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" ... twere, the mirror up to nature ; to show virtue her own feature, scorn her own image, and the very age and body of the time his form and pressure. "
The Dramatic Works of William Shakespeare: With Explanatory Notes. To which ... - Página 1022
por William Shakespeare, Samuel Ayscough - 1807
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Hamlet. Titus Andronicus

William Shakespeare - 1788
...over-done is from the purpose of playing, whose end, both at the first, and now, was, and is, to hold as 'twere the mirror up to nature ; to shew virtue her...whole theatre of others. O, there be players, that I have seen play, — and heard others praise, and that highly, — not to speak it profanely, that,...
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The Tatler, Volumen1

1803
...purpose of playing, whose end, both at the first, and now, was, and is, to hold as 'twere the mil rour up to nature; to shew virtue her own feature, scorn...whole theatre of others. O, there be players, that I have seen play,—and heard others praise, and that highly—not to speak it profanely, that, neither...
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The Tatler, Volumen1

1804
...purpose of playing, whose end, both at the first, and now, wa^, and is, to hold as 'twere the mirrour up to nature ; to shew virtue her own feature, scorn...whole theatre of others. O, there be players, that I have seen play, — and heard others praise, anil that highly — not to speak it profanely, that,...
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The British Essayists: The Tatler

Alexander Chalmers - 1803
...nature ; to show virtue her own feature, scorn her own image, and the very age and body of the time hi* form and pressure. Now this, over-done, or come tardy...whole theatre of others. O, there be players, that I have seen play, — and heard others praise, and that highly— not to speak it profanely, that,...
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The Plays of William Shakespeare: Accurately Printed from the ..., Volumen10

William Shakespeare - 1803
...mirrour up to nature ; to show virtue ' her own feature, scorn her own image, and the very age and body of the time, his form and pressure.' -Now this, overdone,...judicious grieve ; the censure of which one, must, in your allowance,1 o'er- weigh a whole theatre of others. O, there be players, that I have seen play, —...
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The Plays of William Shakespeare, Volumen8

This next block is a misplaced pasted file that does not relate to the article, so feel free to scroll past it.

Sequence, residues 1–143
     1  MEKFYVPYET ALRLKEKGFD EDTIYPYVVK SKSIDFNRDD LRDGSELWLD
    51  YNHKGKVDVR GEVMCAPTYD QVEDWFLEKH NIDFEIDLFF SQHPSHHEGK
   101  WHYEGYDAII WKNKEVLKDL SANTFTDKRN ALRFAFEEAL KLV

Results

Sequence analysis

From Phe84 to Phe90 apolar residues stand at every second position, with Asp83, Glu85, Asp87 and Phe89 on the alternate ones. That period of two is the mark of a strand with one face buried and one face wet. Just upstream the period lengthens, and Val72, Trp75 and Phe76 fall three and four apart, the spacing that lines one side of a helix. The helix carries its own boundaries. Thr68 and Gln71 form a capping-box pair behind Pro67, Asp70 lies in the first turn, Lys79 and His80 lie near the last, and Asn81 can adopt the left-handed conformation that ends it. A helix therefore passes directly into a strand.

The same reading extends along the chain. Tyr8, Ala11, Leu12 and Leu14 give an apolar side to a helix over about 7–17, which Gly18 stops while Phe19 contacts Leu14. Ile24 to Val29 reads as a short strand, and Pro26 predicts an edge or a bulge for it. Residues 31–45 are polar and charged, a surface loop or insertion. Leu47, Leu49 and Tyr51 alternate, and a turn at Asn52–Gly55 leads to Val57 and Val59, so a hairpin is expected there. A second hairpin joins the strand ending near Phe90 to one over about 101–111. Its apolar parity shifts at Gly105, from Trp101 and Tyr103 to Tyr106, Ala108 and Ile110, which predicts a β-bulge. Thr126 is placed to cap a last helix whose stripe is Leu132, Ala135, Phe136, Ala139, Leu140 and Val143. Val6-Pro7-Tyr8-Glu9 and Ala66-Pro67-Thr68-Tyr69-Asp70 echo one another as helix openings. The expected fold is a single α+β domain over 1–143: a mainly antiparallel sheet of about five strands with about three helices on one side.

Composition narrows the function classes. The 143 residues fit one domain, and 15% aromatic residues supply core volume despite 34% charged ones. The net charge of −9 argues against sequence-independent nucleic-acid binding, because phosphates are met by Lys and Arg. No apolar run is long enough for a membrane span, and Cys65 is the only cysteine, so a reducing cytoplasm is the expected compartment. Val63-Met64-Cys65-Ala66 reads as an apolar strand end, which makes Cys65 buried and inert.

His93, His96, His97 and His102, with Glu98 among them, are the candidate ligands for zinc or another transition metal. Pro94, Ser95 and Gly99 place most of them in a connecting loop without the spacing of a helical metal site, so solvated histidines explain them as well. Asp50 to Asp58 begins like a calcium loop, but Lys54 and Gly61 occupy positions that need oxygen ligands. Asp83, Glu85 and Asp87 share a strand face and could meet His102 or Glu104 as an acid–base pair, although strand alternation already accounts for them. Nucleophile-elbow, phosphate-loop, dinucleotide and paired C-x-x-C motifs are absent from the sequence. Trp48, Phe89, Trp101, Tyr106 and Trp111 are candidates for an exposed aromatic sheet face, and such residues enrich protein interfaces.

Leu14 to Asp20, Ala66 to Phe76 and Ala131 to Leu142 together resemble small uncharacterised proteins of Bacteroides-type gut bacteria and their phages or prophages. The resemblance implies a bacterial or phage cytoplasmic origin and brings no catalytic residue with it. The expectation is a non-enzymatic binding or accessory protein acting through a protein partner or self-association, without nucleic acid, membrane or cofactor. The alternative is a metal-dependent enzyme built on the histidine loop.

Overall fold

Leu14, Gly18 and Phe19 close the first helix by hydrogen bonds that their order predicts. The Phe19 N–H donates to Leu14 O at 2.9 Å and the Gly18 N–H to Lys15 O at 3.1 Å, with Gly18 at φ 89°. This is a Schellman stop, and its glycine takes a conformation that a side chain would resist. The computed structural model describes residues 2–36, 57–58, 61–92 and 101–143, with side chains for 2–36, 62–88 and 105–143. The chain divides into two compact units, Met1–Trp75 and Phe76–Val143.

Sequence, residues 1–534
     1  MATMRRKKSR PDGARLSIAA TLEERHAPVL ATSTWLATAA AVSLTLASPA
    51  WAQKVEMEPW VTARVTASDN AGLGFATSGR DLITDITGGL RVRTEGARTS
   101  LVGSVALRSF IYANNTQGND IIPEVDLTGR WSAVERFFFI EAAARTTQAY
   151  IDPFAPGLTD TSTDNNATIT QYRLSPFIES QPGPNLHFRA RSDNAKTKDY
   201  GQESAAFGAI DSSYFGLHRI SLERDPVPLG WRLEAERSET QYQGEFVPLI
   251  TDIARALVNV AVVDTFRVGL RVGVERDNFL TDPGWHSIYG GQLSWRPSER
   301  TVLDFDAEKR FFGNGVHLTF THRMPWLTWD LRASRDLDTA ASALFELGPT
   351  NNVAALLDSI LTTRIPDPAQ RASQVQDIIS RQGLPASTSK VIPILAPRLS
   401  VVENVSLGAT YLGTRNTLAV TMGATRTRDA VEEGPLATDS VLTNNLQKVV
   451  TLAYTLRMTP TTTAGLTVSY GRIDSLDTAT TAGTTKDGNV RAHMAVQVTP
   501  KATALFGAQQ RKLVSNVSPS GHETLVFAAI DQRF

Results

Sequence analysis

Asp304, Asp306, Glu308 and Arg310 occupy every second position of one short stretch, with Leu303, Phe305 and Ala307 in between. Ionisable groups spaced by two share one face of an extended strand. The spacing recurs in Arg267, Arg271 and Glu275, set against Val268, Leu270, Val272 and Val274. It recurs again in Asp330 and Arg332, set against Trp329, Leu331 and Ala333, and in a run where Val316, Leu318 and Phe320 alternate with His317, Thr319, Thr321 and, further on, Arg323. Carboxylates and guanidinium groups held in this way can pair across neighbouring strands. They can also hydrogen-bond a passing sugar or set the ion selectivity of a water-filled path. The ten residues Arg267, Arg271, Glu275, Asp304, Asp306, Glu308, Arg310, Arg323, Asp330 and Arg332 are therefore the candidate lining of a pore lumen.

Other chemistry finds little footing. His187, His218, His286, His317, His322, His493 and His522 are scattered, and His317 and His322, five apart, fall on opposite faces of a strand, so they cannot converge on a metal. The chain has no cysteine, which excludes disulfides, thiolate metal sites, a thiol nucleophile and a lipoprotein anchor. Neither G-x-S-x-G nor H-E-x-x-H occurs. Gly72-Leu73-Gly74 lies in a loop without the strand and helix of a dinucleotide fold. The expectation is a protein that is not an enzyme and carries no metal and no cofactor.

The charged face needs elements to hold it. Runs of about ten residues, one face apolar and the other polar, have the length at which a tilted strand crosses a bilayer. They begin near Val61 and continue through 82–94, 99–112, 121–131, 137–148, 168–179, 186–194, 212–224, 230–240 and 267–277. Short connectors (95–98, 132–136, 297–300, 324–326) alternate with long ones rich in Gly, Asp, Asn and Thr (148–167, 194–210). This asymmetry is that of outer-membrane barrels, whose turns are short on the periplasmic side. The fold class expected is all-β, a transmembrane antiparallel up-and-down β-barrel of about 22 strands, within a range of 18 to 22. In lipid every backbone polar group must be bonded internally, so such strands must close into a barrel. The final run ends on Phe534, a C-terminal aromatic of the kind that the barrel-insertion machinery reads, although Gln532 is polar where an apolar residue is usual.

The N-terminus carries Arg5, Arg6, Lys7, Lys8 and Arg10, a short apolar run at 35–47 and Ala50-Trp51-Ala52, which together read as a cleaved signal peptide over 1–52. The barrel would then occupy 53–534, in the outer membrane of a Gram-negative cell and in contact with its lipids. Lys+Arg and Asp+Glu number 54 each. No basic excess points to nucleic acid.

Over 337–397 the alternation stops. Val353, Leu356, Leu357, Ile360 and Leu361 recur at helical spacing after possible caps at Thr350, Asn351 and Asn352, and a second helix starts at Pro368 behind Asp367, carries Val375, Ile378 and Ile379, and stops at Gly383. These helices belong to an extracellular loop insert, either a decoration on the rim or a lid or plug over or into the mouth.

William Shakespeare - 1804
...mirrour up to nature; to show virtue her own feature, scorn her own image, and the very age and body of the time, his form and pressure. Now this, overdone,...whole theatre of others. O, there be players, that I have seen play, — and heard others praise, and that highly, — not to speak it profanely, that,...
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The Plays of William Shakespeare: With Notes of Various Commentators, Tema 14

William Shakespeare - 1806
...mirrour up to nature ; to show virtue her own feature, scorn her own image, and the very age and body of the time, his form and pressure. Now this, overdone,...whole theatre of others. O, there be players, that I have seen play, — and heard others praise, and that highly, — not to speak it profanely, that,...
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The Plays of Shakspeare: Printed from the Text of Samuel Johnson ..., Volumen6

William Shakespeare - 1807
...mirror up to nature ; to show virtue her own feature, scorn her own image, and the very age and body of the time, his form and pressure. Now this, overdone,...whole theatre of others. O, there be players that I have seen play, — and heard others praise, and that highly, — not to speak it profanely, that,...
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The Dramatic Works of William Shakspeare, with Explanatory Notes ..., Volumen2

William Shakespeare, Samuel Ayscough - 1807
...the very age and body of the time his form and pressure '. Now this, over-done, or come tardy on", , And seek their ruin that usurp'd our I have seen play, — and heard others praise, and that highly, — not to speak it profanely '", that,...
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The Literary panorama

1807
...principal incidents and characters. And indeed as Shakespeare again observes, " Now this, overdone, though it make the unskilful laugh, cannot but make...your allowance, o'erweigh a whole theatre of others." Besides, on referring to the. Dramatis Persona?, we perceive Meneniu» is describee! as the friend...
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